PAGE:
Delivering a lecture on negotiations to mark the 25th anniversary of the law firm Bentsi-Enchill, Letsa and Ankomah, the former member of the Council of State said, most of these agreements left Ghana shortchanged.
“Anybody who has had a look at our agreements from energy to oil and gas to loans to bonds to whatever; cannot avoid being scandalised by some of these. Clearly they are the results of inadequate professional preparation.”
One of the popular arguments for some of those deals is that, they managed to lure a lot of international companies with huge investments that the country did not have, to develop the country’s buried natural resources.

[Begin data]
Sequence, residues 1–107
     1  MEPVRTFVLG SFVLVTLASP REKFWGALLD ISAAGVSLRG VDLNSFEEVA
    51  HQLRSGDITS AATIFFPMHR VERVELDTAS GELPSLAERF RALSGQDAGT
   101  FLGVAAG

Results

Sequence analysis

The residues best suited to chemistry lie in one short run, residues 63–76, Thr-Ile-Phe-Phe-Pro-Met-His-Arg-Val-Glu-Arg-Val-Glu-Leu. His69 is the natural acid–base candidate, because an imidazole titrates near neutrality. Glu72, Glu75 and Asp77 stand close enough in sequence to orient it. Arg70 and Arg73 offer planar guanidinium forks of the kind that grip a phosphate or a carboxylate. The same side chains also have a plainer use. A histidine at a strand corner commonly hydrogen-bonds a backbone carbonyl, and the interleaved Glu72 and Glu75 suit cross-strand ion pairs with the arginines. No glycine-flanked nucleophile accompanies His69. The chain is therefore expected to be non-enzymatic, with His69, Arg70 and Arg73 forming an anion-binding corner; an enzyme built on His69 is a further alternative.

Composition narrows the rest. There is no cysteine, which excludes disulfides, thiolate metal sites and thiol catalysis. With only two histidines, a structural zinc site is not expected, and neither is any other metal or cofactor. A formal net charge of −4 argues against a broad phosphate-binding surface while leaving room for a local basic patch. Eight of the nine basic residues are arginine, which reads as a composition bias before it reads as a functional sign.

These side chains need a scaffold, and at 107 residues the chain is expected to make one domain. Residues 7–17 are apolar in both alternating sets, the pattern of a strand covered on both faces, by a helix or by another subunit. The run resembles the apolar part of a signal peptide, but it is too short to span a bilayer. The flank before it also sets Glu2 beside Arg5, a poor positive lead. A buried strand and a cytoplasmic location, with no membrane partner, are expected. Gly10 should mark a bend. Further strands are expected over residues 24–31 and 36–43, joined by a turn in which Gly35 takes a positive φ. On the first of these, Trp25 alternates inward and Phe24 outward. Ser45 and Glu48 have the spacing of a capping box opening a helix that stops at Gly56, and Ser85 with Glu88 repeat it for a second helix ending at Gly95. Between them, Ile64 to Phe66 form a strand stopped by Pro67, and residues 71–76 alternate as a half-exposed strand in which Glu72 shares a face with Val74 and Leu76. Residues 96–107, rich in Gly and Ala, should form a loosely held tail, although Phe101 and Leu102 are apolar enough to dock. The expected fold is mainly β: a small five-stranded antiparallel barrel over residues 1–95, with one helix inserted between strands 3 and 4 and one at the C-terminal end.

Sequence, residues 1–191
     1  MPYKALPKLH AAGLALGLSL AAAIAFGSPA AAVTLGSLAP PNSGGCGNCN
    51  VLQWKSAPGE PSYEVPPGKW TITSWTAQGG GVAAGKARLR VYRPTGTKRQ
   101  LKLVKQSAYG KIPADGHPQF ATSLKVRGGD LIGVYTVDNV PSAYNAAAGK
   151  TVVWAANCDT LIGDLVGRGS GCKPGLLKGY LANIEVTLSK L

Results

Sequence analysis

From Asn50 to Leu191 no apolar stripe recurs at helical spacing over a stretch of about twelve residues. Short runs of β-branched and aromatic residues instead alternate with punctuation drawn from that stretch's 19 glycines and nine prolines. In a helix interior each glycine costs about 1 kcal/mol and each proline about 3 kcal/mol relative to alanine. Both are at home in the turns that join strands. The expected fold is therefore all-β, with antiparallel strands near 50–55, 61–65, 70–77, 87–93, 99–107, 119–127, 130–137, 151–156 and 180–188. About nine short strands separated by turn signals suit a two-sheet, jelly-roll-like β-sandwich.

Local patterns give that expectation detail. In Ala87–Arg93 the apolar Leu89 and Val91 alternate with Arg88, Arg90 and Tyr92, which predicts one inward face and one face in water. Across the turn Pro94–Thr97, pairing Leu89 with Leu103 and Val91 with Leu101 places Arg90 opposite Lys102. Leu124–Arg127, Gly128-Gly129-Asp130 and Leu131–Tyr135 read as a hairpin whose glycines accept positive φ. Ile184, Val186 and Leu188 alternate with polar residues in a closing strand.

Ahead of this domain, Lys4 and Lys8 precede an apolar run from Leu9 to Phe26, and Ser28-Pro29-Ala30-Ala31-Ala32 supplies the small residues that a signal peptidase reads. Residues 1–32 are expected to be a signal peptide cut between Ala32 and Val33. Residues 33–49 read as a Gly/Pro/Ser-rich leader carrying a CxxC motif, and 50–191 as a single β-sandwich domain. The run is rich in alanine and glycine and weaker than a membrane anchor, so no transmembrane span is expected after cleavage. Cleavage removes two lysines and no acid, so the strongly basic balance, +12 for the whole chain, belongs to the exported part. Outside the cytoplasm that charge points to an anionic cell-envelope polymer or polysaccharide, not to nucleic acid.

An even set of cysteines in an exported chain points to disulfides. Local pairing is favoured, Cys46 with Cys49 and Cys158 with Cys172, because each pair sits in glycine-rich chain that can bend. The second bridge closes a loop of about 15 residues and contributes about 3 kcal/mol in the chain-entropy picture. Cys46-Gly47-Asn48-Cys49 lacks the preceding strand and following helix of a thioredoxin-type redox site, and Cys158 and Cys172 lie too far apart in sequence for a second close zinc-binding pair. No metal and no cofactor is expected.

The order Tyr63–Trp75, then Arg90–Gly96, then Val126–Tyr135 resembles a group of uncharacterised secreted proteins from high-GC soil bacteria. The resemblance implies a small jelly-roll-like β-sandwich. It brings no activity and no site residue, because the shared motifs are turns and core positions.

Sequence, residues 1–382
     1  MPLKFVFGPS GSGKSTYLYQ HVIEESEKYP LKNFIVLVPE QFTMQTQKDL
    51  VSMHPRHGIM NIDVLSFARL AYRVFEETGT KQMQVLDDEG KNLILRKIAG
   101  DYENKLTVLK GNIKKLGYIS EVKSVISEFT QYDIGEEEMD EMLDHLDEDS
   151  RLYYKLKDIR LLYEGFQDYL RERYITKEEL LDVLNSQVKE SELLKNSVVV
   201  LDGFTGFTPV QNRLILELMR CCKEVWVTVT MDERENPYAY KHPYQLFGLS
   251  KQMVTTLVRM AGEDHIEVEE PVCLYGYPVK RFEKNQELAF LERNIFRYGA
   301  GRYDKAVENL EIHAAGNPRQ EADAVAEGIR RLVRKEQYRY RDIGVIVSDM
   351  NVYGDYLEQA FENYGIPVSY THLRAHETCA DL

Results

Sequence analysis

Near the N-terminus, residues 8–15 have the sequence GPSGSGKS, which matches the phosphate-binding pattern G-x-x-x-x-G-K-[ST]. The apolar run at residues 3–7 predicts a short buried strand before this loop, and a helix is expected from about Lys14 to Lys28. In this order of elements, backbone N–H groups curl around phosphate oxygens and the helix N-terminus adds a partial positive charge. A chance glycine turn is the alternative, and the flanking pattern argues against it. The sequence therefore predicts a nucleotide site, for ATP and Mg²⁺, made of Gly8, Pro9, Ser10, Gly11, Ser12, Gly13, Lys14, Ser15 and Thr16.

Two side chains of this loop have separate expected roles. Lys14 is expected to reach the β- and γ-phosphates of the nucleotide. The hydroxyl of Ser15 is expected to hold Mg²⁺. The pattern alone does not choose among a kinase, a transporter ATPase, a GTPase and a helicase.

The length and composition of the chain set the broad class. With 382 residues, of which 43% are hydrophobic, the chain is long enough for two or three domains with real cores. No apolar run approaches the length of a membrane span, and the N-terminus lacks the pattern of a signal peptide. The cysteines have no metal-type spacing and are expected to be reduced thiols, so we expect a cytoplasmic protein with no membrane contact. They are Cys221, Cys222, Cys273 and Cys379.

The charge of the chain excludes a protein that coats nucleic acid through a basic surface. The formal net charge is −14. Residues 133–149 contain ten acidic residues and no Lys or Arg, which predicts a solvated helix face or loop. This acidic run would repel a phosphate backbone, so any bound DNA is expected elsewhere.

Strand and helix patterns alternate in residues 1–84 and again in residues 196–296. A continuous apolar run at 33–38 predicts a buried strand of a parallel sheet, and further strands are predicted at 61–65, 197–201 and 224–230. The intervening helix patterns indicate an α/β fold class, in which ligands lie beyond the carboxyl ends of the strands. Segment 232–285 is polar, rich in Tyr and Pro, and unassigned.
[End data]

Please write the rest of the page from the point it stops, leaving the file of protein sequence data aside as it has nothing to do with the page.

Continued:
Ghana’s attempt to renegotiate the mining contracts have even raised eyebrows internationally, with some analysts arguing that the move is likely to send panic among possible investors who are usually uncomfortable dealing with countries with such records.
The Lecturer is not the first to raise concerns over these foreign agreements.
The Minority Spokesperson of Finance, Akoto Osei did same a few days ago, placing emphasis on the International Monetary Fund (IMF).
He raised concerns over government’s decision to sign a deal with the International Monetary Fund (IMF), saying the latter’s “diplomacy” in analysing Ghana’s economy has partly contributed to the country’s economic crisis.
“The IMF language is very diplomatic. When they [IMF] use statements like ‘The Programme is broadly on course in a very hostile economic environment,’ all what they are telling you is that things are not good but they will not clearly state that.”